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TransCanada bets on Canadian drillers; 2017 a fine-tuning year for midstream

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TransCanada bets on Canadian drillers; 2017 a fine-tuning year for midstream

TransCanada hedges on LNG project's fortunes with bet on Canadian drillers

TransCanada Corp. is betting that it can fill a planned C$1.4 billion gas pipeline even without the LNG plant it was originally meant to serve as Canadian producers look for ways to counteract the effects of a flood of cheap U.S. gas.

Armed with 20-year commercial contracts from shippers that account for 1.5 Bcf/d of firm service, TransCanada is confident that building a large portion of its proposed North Montney Mainline will pay off as producers seek an outlet for gas from the northern reaches of the prolific Montney Shale that straddles the Alberta-British Columbia border. The Calgary, Alberta-based company said building 206 kilometers of 42-inch line that connects with its Alberta gathering network will allow shippers to sell gas that had been intended for liquefaction in traditional North American markets.

Drillers in the Montney and nearby Duvernay Shale have been using fleets of pad-based "walking" rigs that can drill multiple wells in a close formation without high setup and moving costs. Producers are attracted to the area because of the high liquids component of the gas, including condensate, an ultra-light oil that is blended with oil sands bitumen to help it flow in pipelines. Condensate at the Edmonton, Alberta, hub closed at C$62.19 per barrel as of March 21, or about US$46.59/bbl. Sales of condensate have helped producers offset weaker gas prices, which closed at Alberta's benchmark AECO C hub at C$2.71/Mcf on March 21.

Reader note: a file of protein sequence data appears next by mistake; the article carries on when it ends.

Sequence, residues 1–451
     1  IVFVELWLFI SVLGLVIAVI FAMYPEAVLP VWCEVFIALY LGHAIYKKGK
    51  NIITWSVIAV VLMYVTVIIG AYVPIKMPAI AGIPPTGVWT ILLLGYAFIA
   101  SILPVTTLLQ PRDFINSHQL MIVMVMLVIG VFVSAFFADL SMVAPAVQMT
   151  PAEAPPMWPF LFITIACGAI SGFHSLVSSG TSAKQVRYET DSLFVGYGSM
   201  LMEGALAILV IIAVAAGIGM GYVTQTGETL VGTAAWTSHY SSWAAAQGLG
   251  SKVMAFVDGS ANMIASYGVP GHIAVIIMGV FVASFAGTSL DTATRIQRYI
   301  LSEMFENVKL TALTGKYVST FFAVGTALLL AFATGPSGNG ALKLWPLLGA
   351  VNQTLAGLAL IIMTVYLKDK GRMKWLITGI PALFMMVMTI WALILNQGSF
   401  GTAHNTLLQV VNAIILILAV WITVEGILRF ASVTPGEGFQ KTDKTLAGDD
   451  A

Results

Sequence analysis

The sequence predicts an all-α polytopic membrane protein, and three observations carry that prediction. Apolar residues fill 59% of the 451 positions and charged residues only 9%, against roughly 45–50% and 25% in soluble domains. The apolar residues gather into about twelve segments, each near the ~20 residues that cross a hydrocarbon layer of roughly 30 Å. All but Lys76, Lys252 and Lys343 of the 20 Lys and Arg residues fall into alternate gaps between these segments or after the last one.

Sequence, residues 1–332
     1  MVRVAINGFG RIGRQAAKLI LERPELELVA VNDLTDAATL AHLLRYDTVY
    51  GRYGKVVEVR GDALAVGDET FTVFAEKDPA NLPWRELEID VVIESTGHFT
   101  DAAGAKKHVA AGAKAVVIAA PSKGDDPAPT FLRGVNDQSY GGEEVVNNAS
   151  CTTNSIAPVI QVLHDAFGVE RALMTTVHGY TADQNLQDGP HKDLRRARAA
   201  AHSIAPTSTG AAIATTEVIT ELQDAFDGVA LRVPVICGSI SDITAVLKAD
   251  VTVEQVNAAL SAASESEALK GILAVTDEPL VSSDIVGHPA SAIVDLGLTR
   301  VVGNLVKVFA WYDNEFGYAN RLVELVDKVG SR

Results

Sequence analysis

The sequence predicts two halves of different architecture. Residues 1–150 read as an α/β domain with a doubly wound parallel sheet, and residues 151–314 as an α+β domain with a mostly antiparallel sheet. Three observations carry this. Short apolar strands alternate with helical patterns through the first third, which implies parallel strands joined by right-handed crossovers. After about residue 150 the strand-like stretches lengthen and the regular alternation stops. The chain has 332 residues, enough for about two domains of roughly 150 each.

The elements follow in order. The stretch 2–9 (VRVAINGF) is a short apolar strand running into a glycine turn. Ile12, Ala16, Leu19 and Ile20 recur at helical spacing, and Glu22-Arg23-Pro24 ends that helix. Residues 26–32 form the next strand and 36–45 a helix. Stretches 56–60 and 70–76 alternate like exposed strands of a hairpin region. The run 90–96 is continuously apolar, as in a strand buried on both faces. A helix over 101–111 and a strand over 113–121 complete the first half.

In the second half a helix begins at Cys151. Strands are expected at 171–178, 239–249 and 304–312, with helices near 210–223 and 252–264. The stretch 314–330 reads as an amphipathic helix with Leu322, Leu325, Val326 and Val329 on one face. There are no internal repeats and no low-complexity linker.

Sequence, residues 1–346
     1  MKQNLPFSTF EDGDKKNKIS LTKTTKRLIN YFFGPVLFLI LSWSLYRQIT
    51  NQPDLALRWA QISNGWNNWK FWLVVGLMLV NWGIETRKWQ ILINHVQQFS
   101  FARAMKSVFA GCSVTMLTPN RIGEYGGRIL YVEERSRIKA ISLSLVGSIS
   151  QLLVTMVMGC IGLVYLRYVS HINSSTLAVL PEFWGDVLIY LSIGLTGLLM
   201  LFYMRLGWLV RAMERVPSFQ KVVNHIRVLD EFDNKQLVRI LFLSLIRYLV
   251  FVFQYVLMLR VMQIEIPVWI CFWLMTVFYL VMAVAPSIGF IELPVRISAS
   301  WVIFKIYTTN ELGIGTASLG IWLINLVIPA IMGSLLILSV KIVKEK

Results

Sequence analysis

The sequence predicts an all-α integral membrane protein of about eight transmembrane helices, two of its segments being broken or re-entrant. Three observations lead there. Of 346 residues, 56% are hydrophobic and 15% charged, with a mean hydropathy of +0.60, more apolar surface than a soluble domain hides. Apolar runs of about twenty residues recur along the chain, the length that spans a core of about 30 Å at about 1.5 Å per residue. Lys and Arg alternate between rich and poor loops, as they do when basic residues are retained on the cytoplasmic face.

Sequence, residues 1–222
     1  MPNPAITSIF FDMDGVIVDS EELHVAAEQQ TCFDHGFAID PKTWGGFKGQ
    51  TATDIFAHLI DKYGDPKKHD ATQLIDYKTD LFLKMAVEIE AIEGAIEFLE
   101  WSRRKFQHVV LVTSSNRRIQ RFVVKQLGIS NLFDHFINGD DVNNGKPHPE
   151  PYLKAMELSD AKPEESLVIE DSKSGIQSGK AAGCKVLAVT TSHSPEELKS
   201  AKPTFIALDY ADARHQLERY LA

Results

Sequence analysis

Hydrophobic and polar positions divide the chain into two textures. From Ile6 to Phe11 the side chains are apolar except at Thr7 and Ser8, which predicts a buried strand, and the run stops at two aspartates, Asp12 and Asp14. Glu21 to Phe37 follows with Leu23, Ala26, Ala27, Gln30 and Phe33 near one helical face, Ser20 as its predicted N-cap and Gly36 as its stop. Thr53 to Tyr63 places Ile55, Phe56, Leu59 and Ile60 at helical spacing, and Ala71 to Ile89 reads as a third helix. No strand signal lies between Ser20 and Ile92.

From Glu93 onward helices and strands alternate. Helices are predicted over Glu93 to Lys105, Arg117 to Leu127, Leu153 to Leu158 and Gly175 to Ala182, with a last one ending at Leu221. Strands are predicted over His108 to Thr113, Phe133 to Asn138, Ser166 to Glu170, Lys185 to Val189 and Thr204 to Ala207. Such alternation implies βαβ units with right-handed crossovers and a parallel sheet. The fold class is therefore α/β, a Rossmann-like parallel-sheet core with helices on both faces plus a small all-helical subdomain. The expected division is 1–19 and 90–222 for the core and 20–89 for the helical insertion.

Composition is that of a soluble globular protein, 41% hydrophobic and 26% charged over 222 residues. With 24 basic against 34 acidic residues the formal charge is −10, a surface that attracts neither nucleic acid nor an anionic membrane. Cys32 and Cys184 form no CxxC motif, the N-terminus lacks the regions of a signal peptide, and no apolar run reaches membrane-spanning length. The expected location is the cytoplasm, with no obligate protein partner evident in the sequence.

After a year of megadeals, midstream industry set to fine-tune holdings in 2017

Megamergers and acquisitions dominated midstream energy sector headlines in 2016, but smaller-scale infrastructure deals appear poised to steal the M&A spotlight in 2017.

Deals announced since Jan. 1 point toward the smaller-sized asset acquisition trend. Only two of the select deals surveyed by S&P Global Market Intelligence passed the $1 billion mark, and several landed in the $100 million to $250 million range.

"They seem to fall into two categories of either being a transaction designed to simplify a company's corporate structure, or they seem to be designed to give a company a more strategic position in a prime market, particularly the Marcellus, Permian and Utica [basins]," said Katie Bays, an energy analyst at Height Securities LLC.

Marathon Oil continues Permian spree with $700M bolt-on acreage buy

Marathon Oil Corp. expanded its push into the Permian Basin with a $700 million agreement to purchase 21,000 acres of land in the New Mexico portion of the play.

During the company's fourth-quarter 2016 earnings call, CEO Lee Tillman said 90% of the company's operating budget for 2017 would be spent in the Bakken, Eagle Ford and SCOOP/STACK plays. In the past month, however, the company has reached agreements to add more than 91,000 acres in the Permian, with the vast majority being in the Delaware Basin. The acquisitions have not been cheap: The company has said it will spend approximately $1.8 billion in the pair of deals.